The other day we were talking about the hallmarks of a junk drawer. (Is there anyone who didn’t grow up with one?) We were all hysterical as we listed the iconic items in a junk drawer:
- Dried up rubber bands
- At least one leaky battery
- A pen with no ink (that always gets put back in the drawer!!)
- A tangled piece of loose string
The drawer gets jammed every time you attempt to open it because there are always random loose papers overflowing the edges. And the final blow the junk drawer levies is a random, sharp & pointy object that leaves you poked and bleeding every time you go in (usually a compass that no one ever uses!).
Our junk drawers are filled with things that “we might need someday,” even though, again and again, we return to the junk drawer and frustratedly think “why did I keep this!” and "ugh, I need to deal with this."
But instead of throwing it out or attending to it, we just jam it back into the drawer.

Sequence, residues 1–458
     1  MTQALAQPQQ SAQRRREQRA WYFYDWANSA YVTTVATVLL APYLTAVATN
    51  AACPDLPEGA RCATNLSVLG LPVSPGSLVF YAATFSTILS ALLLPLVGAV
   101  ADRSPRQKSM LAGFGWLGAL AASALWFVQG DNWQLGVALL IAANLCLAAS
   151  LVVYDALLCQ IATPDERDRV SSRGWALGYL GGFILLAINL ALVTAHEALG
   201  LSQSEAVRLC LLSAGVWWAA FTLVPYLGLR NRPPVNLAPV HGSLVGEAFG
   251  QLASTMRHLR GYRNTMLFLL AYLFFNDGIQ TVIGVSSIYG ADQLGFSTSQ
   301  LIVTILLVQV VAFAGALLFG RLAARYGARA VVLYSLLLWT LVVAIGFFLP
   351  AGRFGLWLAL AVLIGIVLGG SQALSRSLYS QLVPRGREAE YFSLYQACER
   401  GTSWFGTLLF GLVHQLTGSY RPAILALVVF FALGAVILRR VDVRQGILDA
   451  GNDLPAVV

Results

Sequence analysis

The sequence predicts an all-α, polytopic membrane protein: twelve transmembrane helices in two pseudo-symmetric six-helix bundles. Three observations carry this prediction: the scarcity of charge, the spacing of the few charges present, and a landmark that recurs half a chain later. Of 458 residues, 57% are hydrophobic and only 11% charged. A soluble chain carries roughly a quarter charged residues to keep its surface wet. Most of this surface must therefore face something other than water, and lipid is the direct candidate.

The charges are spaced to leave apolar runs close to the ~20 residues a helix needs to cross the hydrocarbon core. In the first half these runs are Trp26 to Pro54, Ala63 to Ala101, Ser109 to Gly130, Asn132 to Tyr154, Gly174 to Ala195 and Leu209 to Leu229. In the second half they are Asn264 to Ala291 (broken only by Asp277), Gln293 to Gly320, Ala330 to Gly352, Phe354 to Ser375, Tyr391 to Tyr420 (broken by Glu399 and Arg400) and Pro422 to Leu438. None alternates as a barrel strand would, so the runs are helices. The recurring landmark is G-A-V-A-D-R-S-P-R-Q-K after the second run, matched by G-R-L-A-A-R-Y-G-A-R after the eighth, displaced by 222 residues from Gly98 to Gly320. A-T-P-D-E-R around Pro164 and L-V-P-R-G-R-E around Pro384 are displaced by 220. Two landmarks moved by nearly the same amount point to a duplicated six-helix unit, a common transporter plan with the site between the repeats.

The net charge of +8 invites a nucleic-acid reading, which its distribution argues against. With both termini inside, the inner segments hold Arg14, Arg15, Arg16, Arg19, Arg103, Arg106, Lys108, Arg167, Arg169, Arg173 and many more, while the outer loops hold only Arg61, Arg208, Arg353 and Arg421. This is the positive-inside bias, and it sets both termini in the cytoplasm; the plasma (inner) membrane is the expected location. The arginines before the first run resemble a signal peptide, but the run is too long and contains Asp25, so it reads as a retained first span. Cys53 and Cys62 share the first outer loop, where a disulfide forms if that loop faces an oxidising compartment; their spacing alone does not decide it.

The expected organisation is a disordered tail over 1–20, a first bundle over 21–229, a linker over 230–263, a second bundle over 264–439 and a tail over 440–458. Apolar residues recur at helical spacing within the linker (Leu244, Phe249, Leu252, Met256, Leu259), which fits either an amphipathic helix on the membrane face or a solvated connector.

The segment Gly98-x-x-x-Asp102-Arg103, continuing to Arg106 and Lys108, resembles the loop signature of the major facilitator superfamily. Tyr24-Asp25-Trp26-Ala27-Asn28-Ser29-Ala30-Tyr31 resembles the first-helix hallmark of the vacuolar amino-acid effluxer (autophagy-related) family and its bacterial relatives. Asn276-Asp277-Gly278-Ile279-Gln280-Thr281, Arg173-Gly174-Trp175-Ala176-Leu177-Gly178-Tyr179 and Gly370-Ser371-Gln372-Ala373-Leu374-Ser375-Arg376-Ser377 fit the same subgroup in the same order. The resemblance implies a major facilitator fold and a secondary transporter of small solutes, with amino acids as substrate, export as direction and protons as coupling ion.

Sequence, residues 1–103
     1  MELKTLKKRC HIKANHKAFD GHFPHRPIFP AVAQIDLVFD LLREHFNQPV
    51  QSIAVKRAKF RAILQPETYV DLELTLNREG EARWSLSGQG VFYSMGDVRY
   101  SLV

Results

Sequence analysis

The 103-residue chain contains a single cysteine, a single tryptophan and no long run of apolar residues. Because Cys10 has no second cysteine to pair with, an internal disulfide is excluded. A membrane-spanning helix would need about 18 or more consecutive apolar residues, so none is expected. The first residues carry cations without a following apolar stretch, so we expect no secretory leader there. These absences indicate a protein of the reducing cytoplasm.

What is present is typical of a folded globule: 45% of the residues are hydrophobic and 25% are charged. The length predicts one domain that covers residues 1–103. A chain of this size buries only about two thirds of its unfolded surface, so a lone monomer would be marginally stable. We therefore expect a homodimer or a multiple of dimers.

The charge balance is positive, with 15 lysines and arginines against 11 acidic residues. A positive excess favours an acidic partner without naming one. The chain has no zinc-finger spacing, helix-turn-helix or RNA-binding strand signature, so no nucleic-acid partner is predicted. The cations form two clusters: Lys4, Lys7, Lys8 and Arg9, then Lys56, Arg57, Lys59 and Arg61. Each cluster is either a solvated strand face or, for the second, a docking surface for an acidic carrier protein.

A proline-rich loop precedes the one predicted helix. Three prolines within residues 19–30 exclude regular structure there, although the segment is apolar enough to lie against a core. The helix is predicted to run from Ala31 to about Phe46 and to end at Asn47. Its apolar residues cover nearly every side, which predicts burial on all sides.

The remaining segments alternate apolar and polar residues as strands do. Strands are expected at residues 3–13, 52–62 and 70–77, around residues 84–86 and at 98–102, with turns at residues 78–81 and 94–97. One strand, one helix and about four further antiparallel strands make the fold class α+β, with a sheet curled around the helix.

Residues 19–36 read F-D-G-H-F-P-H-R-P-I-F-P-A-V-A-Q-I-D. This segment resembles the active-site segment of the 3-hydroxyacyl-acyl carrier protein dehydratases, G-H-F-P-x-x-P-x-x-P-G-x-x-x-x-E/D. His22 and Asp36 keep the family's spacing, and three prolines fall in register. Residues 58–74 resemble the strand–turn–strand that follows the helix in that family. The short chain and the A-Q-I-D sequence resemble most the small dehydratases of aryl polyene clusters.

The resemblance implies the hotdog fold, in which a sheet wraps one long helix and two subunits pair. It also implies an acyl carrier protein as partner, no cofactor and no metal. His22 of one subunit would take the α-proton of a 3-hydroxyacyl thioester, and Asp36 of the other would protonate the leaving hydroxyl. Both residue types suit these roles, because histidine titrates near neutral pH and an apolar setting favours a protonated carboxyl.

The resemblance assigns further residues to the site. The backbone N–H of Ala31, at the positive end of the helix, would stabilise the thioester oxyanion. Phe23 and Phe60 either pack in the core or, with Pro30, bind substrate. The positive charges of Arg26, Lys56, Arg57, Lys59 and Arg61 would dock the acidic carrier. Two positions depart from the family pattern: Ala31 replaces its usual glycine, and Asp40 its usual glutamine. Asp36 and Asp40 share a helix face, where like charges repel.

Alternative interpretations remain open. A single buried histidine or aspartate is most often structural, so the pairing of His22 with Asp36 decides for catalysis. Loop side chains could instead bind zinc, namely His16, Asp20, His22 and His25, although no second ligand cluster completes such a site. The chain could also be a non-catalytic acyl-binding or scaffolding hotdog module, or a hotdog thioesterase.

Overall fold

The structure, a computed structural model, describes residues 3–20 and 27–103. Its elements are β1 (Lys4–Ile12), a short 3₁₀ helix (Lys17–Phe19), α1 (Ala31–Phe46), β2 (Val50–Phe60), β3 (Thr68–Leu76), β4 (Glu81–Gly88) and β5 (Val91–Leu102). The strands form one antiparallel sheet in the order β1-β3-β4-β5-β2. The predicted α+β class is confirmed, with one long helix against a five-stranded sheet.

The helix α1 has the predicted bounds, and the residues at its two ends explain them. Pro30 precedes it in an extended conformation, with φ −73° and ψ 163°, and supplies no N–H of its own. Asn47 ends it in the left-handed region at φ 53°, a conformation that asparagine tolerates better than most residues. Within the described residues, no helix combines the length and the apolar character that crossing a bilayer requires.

Well, we have junk drawers in our minds too. We hold onto perspectives, opinions, judgements about others, unresolved feelings, and memories that we mistakenly think “we might need someday.” And instead of expressing, processing, and dealing with them, we tuck them back into the drawer and hang on to them. And we pay the price.
They jam us up. Inflict pain and upset. They keep us stuck in unworkable patterns. So, why do we hang onto them?
Just like the leaky battery, we don’t want to “touch” the items filling the junk drawer in our mind. It might be poisonous, best leave it alone. I’ll handle it later. I’m too busy to deal with it right now.
Think of your judgments as your dried rubber bands and leaky batteries. The more we leave them alone, the more the junk piles up, and it gets harder and harder to sort out. You know it has gotten really bad when you have to start a second junk drawer!
It takes courage to pull up your waders and go into your junk drawer; by definition it has been neglected. And, usually what we neglect needs extra attention when we finally decide to attend to it.
It will take determination and consistency. But it’s worth it. Like the junk drawers in our homes, sometimes you find a treasure when you clean out your mind.